The main message I try to pass on to my prenatal yoga students is that mindfulness practices, such as conscious breathing, yoga and meditation, are invaluable in supporting and serving their unique needs as they grow into motherhood. So I was very excited to find out last month that one of my favorite writers and teachers, Susan Piver, has edited a new book, The Mindful Way Through Pregnancy: Meditation, Yoga and Journaling for Expectant Mothers, which includes an essay by yet another favorite, Karen Maezen Miller. I immediately ordered a copy, eager to see if this could be a resource I would want to recommend to my students.
The Mindful Way Through Pregnancy contains six essays, with topics ranging from Nurturing Your Body With Yoga, to Bonding With Your Baby, to Calming Fear. Coupled with each essay is a specific mindfulness practice, among them Basic Breath Awareness, Journaling, and two different meditation practices. Accompanying the book is a CD of four practices, beautifully led by Susan Piver (whom I love for the wonderful guided meditations she offers through her Open Heart Project.)
In her introduction, Piver writes that "mindfulness doesn't necessarily mean peacefulness. It refers instead to the willingness to be with ourselves as we are from moment to moment, whether that self is the picture of blissful maternity or of something a bit more, say, cranky or fearful. The material in this book is about embracing the experience of pregnancy--and as with all embraces, it begins with an opening, which is a synonym for mindfulness."
This theme of opening up to the experience of pregnancy, whether happy or fearful or just plain miserable, is one that runs through the whole book, and is a message I would have benefited from greatly when I was pregnant with my son. My experience of being pregnant was so far from what I had hoped or expected it would be: I didn't feel blissful or happy, but mostly cranky and achy and struggling deeply to make or feel a connection to the little bean growing in my belly. I wish I had had this book to walk me through my first pregnancy. When I despaired that my experience was far from the deep spiritual one I'd envisioned, I would have loved to read Anne Cushman's words: "What makes pregnancy a spiritual practice is not the kind of pregnancy we have. It's how we open to it, moment by moment, breath by breath." When I couldn't imagine what our baby would be like and didn't feel a loving connection to our child, it would've been a balm to read that "if we can stop second-guessing ourselves and forcing ourselves to feel whatever we're conditioned to believe we ought to feel, bonding will simply happen," as Celia Strauss expresses. I've underlined several passages from Karen Maezen Miller's essay, Preparing for Childbirth--which is in itself worth the price of the book--and have already been reading them out loud to my students in class. The following excerpt sums up nearly everything I've learned about mindfulness and motherhood:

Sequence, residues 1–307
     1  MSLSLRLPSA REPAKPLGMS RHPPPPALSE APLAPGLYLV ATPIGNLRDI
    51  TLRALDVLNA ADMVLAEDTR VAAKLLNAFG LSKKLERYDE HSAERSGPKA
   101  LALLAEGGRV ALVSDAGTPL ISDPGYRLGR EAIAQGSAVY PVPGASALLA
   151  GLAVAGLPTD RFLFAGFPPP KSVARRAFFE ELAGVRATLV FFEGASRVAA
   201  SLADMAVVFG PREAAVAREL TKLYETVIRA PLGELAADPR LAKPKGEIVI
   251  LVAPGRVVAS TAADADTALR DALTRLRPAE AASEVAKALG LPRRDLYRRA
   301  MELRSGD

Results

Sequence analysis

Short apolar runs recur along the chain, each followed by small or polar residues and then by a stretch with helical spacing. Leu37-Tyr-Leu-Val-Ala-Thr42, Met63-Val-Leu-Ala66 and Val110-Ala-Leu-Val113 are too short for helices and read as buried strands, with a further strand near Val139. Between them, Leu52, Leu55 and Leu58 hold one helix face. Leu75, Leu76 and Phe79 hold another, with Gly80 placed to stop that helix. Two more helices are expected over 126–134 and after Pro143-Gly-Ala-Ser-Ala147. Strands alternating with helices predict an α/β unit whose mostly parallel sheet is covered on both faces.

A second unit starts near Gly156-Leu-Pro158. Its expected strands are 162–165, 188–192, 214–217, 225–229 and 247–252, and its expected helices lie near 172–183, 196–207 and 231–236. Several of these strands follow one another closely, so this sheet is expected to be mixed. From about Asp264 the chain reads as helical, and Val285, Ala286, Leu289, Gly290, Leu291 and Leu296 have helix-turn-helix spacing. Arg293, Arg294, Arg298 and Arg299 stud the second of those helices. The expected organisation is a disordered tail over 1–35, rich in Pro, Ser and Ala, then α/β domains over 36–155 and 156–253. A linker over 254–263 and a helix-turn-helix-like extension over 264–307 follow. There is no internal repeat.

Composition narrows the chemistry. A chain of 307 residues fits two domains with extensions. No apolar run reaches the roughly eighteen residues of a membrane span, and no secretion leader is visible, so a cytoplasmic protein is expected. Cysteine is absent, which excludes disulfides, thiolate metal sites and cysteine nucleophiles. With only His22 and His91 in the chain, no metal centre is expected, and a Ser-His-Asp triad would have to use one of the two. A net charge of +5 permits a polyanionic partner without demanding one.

There is an unexpected end to every pregnancy. The end is birth itself, and whether early or late, easy or difficult, every birth is unpredictable and astonishing. Pregnancy prepares us as all of life prepares us. It prepares us to let go of how we thought it would be, and to focus on how it is. It prepares us to dwell solely on what appears in front of us, instead of on the anxious, fearful ruminations in our head. No matter how you think or feel, you can literally see how prepared you are, and you can trust it.
I was initially a little disappointed that the book itself was so slim, but I soon realized that its small size is in fact one of its greatest strengths. Being pregnant, especially with your first baby, is an overwhelming experience of learning, researching, and swimming in a veritable sea of new information. Between figuring out how to live in and support the new reality of your shifting and expanding body, to weighing options for the birth of your baby, to trying to decide on which strollers, car seats, and diapers will suit your lifestyle, there you might seem to be little space available to learn how to meditate, especially if it means reading thick volumes on the subject. This is the genius of The Mindful Way Through Pregnancy: with its short essays, and CD of guided practices, it will fit nicely into the whirlwind, and provide a safe place to land, find some grounding, and begin to develop those mindfulness practices that will serve you as birth draws nearer, and once your babe is in your arms.
Holding this book in your hand, you will have all the foundation and guidance needed to get you started with several different mindfulness practices, specifically geared towards expectant mothers, which will serve and nurture you through your pregnancy and beyond. I am so grateful that this book is out there, and I highly recommend it.
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I am so thrilled to have a copy of the book to give to one lucky reader! Please leave a comment below to be entered in the drawing! I will leave the comments and the contest open until 11:59pm, Central Time on Monday, October 29th . I will reveal the winner on Tuesday, October 30th, when I'll share a very special treat with you: an interview with Karen Maezen Miller!
Disclaimer: Shambhala Books is providing the giveaway copy, at my request. I purchased my own copy of the book. My opinion is, now and always, entirely mine.